3. Henry V. Thomas and Fannie C. Thomas Henry V. Thomas and Fannie C. Thomas owned a florist shop, where they both worked.
4. William Henry Lanier William Henry Lanier was the first Superintendent of Jackson Colored Schools. He was born a slave in Huntsville, AL. He studied at Tougaloo, Oberlin, and Fisk Colleges and received a B.A. from Roger Williams University. He served as President of Alcorn College for six years and was the Principal of Robertson School from 1912-1929. Lanier High School is so named in his memory.
5. Junius A Tharp Junius A Tharp was a bricklayer. His wife, Olivia, was a nurse. They had three children: Doris, Catherine, and Sidney. Sidney R. Tharp went on to become a lawyer with offices on N. Farish Street.
6. Evangeline Byrd Evangeline Byrd, was a well-known and highly respected midwife. A widow according to the 1920 census, she lived with her son William and daughter Ola at her home on Church Street. Augustus M. Redmond, pharmacist at Redmond Drug Store on Farish Street is entombed in the brick vault south of Evangeline.
7. Sarah "Sallie" Campbell Dawson Sarah "Sallie" Campbell Dawson—Sarah Dawson was born in Missouri in 1846 and was a teacher at Smith Robertson School in Jackson. She was married to William Dawson, a plasterer. She is buried in this plot with her granddaughters, Ruby Alma Dawson, Georgia B. Dawson, and Lillian M. Dawson. Ruby and Georgia were also teachers at Smith Robertson School. Dawson Elementary School in Jackson is named after her Granddaughter Georgia B. Dawson.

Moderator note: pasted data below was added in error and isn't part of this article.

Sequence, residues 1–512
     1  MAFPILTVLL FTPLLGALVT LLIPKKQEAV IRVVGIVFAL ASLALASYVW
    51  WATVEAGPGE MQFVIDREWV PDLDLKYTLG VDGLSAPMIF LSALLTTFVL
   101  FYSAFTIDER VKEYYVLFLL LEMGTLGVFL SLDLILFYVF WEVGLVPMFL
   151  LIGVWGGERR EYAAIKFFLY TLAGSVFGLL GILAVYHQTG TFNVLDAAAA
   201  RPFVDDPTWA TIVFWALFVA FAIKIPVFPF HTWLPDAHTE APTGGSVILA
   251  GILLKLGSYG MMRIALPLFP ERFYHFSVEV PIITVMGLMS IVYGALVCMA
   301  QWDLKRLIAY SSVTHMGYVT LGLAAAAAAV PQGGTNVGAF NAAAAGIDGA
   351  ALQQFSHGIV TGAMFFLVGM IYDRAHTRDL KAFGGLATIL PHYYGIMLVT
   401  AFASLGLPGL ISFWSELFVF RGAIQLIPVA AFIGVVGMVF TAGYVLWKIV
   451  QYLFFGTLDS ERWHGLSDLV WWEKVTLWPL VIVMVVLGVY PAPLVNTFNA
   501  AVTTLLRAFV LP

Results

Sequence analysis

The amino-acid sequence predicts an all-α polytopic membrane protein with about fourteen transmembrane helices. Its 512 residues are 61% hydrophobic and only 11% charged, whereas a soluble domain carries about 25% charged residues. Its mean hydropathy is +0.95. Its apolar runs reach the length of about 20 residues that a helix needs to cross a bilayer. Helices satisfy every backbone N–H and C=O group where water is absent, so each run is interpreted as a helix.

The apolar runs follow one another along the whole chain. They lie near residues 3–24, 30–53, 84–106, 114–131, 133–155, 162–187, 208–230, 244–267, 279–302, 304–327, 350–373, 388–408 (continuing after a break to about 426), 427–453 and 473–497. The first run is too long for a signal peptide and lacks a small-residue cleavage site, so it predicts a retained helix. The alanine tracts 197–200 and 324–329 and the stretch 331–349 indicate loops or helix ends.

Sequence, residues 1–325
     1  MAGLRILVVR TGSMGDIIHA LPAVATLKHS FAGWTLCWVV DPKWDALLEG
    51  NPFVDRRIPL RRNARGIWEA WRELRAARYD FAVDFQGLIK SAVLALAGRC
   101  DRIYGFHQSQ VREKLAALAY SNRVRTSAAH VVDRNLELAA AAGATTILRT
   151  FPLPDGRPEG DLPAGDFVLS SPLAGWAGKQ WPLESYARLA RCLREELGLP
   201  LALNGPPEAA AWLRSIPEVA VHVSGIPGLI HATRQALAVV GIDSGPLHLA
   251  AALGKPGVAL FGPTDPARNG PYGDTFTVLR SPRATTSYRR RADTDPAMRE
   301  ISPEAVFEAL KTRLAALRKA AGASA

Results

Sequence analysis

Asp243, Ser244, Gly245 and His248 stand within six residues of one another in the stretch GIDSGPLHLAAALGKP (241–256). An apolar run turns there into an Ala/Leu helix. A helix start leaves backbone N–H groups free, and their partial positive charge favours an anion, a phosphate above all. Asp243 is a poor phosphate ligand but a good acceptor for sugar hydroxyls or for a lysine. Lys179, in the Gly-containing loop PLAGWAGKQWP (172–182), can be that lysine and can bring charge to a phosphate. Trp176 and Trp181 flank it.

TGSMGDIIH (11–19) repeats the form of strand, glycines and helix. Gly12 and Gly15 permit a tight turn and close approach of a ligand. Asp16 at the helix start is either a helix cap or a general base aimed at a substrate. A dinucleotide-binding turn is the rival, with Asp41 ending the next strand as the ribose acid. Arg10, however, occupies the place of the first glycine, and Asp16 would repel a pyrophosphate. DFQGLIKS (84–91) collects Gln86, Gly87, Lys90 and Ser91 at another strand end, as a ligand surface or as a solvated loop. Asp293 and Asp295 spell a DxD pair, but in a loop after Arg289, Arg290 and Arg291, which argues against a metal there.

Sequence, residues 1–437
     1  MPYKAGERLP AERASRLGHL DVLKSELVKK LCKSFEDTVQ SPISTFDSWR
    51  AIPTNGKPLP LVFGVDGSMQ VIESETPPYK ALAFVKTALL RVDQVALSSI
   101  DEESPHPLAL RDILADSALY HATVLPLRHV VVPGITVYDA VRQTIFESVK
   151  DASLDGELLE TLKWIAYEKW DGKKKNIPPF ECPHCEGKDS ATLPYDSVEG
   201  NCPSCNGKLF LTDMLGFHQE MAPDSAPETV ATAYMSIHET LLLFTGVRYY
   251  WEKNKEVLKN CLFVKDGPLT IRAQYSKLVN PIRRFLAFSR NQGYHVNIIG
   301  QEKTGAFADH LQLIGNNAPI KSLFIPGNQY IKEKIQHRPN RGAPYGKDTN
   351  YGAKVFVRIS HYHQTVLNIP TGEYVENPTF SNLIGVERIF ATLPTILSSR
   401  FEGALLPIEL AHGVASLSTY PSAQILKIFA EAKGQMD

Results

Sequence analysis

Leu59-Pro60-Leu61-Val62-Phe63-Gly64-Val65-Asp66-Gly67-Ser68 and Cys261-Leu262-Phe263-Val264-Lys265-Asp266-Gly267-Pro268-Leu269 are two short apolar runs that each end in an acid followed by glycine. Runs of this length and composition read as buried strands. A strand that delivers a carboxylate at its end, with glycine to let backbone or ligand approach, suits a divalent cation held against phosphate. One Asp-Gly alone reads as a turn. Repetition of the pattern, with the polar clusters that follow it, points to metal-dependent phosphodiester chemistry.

8. Maria Risher According to the 1900 census, Maria Risher was a widowed seamstress. The family's company, Risher Bakery Co., provided employment opportunities for various members of the family. Next to her is Maria C. Greene who was of mixed race and married to a railroad worker by the name of Robert Greene. Around 1920, Robert was enumerated in Washington D.C., living with a son or daughter, while Maria lived with her other children and her mother in Jackson. Directly behind them is Jesse Hobbs, who died in 1865, and is believed to have been a freed slave. If so, his is the oldest African American monument in the cemetery.
9. Helen M. Glover Helen M. Glover—On the 1880 census, the Glover family was listed as a family of mixed race. Her father, George Glover, was a carriage maker and her mother Lucy worked as a midwife.
10. Mariah Span Cade Mariah Span Cade—Mariah Cade was born in Mississippi and married Isham C. Cade, a man of mixed race born in Tennessee in 1835. Isham was a baker by trade. According to the 1870 census, both Mariah and Isham worked at the Insane Asylum.